We took him to Dairy Queen for breakfast and he drenched his food in maple syrup. Then we went to see my grandmother at the nursing home. Granddad hovered over her like she was an injured animal, couldn’t grasp that she wasn’t going to get better. My father kissed her cheek and talked to her in a loud clear voice, masking the pain he felt seeing his mother like this. The second youngest of four children, my father exhausted himself in the last few years of his parents’ lives, driving down to see them every weekend and sometimes during the week. He helped his father continue to live on his own by buying groceries, paying bills, mowing the grass. 

“Look who’s come to visit you,” he told my grandmother.  

I walked to the edge of the bed, and her eyes brightened. Her body was frozen with Parkinson’s and she couldn’t talk. I held her claw hand in mine. When my dad and granddad stepped out for coffee, I stroked her hand and told her I was sorry she was there, trapped in her body, trapped in the home. Her mouth curled. Maybe she could hear me, maybe she understood. My father and grandfather came back in, holding Styrofoam cups, and we stayed for another twenty or thirty minutes, my father and I making strained small talk while Granddad grew anxious, and Grandma stared at us and could not tell us what she wanted.

After the nursing home, we went to the Big Farm. We crossed the back field behind the house, then walked around to the front. Granddad went slowly, unsure of his footing. 

I felt awkward and shy with my camera. The writer, the folklorist, wanting to document and preserve what I left behind. I moved away from Ohio when I was 22. Everyone else in the family stayed. Now when I visited, I asked about the old days, encouraged my parents to reminisce. I took pictures, wrote down names, dates. I didn’t talk much about my own life—not about lovers or friends or the stories I wrote—and most of the time, nobody asked.

Today my father understood what I wanted. He knew how quickly time passes, how easily memories disappear. “Ready to take some pictures?” he asked.

Granddad, never one to pose for a photograph, stood next to my father. He looked nervous, uncertain, the one hand on his hip, the other one placed awkwardly outside the front pocket of his jeans. His hands, always strong, sinewy, tan, were now shaky and sometimes shivered in the air. He wore his usual outfit of jeans, a ball cap, and a western shirt with pearly snaps (a style that I have adopted). His glasses case, wallet, and several ink pens were stuffed into the bulging breast pocket, where maybe he thought he wouldn’t lose them.

Whereas Granddad tilts slightly, his body shrunk and weakened, my father, at the center of the frame, is sturdy and tall. He was the last to admit how sick his father was. But six months after this picture, he gave in and moved Granddad to a nursing home. This after months of Granddad forgetting things, getting lost, and hallucinating. Like when he thought prowlers were breaking in and called the sheriff in the middle of the night. Another time he thought two boys were in his car; he drove around town, stopped in the VFW and the funeral home to frantically tell the employees that he didn’t know what to do about these kids in the backseat.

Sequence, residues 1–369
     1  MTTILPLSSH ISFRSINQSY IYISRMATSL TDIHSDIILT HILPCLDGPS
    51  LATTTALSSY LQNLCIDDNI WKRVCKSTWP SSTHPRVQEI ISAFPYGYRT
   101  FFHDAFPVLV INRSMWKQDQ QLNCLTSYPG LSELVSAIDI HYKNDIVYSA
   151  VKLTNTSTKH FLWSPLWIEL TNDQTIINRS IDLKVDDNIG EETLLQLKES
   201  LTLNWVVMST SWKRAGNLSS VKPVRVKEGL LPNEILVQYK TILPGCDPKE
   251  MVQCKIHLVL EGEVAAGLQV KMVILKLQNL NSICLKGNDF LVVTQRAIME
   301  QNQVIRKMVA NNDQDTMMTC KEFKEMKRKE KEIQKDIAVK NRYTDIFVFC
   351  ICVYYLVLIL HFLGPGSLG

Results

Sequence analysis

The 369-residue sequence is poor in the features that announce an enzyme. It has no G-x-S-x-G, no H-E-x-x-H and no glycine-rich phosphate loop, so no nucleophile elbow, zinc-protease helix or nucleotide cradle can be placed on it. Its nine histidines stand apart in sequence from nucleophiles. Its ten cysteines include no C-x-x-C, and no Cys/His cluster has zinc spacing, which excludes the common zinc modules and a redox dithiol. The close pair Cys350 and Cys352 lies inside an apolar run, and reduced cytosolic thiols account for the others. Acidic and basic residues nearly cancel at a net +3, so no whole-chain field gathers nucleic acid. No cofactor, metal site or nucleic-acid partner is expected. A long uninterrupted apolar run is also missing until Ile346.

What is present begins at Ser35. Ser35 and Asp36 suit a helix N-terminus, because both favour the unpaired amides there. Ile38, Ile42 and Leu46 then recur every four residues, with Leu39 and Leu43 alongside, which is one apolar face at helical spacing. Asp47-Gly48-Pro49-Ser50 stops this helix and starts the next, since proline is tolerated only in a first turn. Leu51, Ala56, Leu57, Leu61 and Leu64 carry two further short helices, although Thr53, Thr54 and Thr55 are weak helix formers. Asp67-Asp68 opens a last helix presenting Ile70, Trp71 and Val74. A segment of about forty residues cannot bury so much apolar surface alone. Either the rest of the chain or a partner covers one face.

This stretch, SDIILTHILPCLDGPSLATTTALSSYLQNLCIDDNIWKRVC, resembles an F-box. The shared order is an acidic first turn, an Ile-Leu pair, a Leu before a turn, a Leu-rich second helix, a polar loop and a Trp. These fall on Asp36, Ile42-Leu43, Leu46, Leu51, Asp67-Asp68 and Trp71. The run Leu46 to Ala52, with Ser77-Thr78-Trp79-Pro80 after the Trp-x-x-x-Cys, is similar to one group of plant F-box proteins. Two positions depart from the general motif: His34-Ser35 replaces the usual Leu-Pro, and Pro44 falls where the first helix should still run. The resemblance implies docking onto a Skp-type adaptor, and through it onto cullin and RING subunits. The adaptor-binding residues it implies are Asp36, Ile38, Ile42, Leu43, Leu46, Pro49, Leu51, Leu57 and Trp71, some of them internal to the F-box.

My father poses with one hand behind his back as if he’s holding a bouquet, the other hand rested on his father’s shoulder, giving him the kind of affection that he rarely received from him. My grandfather wasn’t an easy person to live with, not for my grandmother or for his kids. He drank a lot. No one ever talked about it. I rarely heard my father ever say anything negative about his dad or his childhood—the stories were always funny, endearing. But a year after this picture, on the day of my grandfather’s funeral as we drove away from the cemetery, my father implied that there was a lot I didn’t know. 

I asked about the years that Granddad played in a bluegrass band., and my father said, “To tell you the truth, I never cared much for that part of Dad’s life.” He kept his eyes on the road. “For me, his music was always tied to his drinking. You know, when I was kid, he would forget to pick me up from Little League, things like that.” 

It wasn’t much what he said, but it was the first time he’d shared something with me that was so personal, painful, and true about his relationship with his father. My dad took care of his parents in the last years of their lives. Now they’re dead, and he’s getting old. I’m on the other side of the country, living a life that he doesn’t know much about. Pictures of my family are stored in a folder on my computer, but this one of my grandfather and father: I printed it out, pinned it to my wall. Here we are, three generations. I’m hiding behind the camera, and my father and grandfather look at me through matching tinted glasses. How can people know each other so well and yet not at all?  They’re standing in a shadow, same as me. But a single burst of sun slices across them. I see it now. If they would have taken just a few steps across the knee-high weeds, they would have found themselves exposed in a brilliant field of light.